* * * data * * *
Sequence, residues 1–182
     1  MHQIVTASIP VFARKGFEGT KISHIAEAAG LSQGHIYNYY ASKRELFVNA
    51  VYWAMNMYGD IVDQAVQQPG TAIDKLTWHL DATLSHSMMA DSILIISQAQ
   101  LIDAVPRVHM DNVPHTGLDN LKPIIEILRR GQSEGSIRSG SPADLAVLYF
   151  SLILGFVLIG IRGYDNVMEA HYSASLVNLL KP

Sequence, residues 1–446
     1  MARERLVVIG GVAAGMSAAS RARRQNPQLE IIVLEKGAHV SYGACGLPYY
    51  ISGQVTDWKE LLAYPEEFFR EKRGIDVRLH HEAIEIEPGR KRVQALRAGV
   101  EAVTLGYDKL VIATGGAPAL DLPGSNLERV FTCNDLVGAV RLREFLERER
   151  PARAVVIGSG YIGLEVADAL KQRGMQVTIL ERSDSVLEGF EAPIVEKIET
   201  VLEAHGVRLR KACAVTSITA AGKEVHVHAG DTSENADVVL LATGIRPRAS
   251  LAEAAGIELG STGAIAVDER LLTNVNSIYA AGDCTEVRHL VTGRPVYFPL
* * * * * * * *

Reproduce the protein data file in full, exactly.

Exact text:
Sequence, residues 1–182
     1  MHQIVTASIP VFARKGFEGT KISHIAEAAG LSQGHIYNYY ASKRELFVNA
    51  VYWAMNMYGD IVDQAVQQPG TAIDKLTWHL DATLSHSMMA DSILIISQAQ
   101  LIDAVPRVHM DNVPHTGLDN LKPIIEILRR GQSEGSIRSG SPADLAVLYF
   151  SLILGFVLIG IRGYDNVMEA HYSASLVNLL KP

Sequence, residues 1–446
     1  MARERLVVIG GVAAGMSAAS RARRQNPQLE IIVLEKGAHV SYGACGLPYY
    51  ISGQVTDWKE LLAYPEEFFR EKRGIDVRLH HEAIEIEPGR KRVQALRAGV
   101  EAVTLGYDKL VIATGGAPAL DLPGSNLERV FTCNDLVGAV RLREFLERER
   151  PARAVVIGSG YIGLEVADAL KQRGMQVTIL ERSDSVLEGF EAPIVEKIET
   201  VLEAHGVRLR KACAVTSITA AGKEVHVHAG DTSENADVVL LATGIRPRAS
   251  LAEAAGIELG STGAIAVDER LLTNVNSIYA AGDCTEVRHL VTGRPVYFPL